Carbon nanotubes set to significantly improve battery life

Researchers at North Carolina State University in the US have created a flexible nano-scaffold for rechargeable lithium ion batteries. It's hoped the development could help mobile phone and electric car batteries last longer.

The research shows the potential of manufactured sheets of aligned carbon nanotubes coated with silicon; a material with a much higher energy storage capacity than the graphite composites typically used in lithium ion batteries.

"Putting silicon into batteries can produce a huge increase in capacity - 10 times greater," said Dr. Philip Bradford, assistant professor of textile engineering, chemistry and science at North Carolina State University. "But, adding silicon can also create 10 times the problems."

One significant challenge in using silicon is that it swells as lithium ion batteries discharge. As the batteries cycle, silicon can break off from the electrode and float around, known as pulverisation, instead of staying in place making the batteries less stable.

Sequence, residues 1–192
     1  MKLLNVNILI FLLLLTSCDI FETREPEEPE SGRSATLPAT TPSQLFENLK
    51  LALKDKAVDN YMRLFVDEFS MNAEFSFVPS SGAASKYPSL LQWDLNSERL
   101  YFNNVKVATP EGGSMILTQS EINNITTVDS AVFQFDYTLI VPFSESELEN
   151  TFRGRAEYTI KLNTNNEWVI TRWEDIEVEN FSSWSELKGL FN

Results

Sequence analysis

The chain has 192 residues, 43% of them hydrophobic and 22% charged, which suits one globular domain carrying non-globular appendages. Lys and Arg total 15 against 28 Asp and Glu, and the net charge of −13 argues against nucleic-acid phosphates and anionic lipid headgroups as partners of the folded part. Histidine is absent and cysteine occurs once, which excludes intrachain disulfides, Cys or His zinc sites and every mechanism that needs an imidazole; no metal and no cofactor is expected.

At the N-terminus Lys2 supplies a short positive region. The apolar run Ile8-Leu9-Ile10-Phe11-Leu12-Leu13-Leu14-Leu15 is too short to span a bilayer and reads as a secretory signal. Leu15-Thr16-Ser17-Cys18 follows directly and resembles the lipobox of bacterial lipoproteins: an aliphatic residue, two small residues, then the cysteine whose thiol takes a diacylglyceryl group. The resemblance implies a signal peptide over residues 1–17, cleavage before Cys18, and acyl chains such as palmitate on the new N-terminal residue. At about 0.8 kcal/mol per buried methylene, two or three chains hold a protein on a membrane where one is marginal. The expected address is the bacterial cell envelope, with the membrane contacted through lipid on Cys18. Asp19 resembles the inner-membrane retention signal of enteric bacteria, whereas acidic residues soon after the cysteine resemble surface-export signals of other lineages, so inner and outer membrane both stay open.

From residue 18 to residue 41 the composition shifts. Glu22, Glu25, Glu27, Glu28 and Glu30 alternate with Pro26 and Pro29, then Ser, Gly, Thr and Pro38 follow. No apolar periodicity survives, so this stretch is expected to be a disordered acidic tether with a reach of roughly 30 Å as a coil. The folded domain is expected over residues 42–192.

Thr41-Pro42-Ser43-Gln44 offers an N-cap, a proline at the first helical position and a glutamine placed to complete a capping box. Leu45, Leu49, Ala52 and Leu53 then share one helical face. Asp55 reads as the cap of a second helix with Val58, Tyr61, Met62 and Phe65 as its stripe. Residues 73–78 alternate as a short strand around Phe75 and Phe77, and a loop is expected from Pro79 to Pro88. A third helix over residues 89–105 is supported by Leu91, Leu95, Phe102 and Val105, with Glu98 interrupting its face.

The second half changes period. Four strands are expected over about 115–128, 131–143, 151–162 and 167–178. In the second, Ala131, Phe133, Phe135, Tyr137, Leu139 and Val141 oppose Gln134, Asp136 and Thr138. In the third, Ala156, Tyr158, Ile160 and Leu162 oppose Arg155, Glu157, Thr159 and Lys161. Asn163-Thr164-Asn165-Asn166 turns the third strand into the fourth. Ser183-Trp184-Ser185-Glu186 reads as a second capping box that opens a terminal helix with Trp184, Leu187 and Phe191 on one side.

When the silicon-coated carbon nanotubes were aligned in one direction, akin to building a layer of drinking straws laid end to end, the structure allowed for controlled expansion so that the silicon is less prone to pulverisation.

"There's a huge demand for batteries for cell phones and electric vehicles, which need higher energy capacity for longer driving distances between charges," said Xiangwu Zhang, associate professor of textile engineering, chemistry and science at the University. "We believe this carbon nanotube scaffolding potentially has the ability to change the industry, although technical aspects still have to be worked out. The manufacturing process we're using is scalable and could work well in commercial production."

Justin Cunningham

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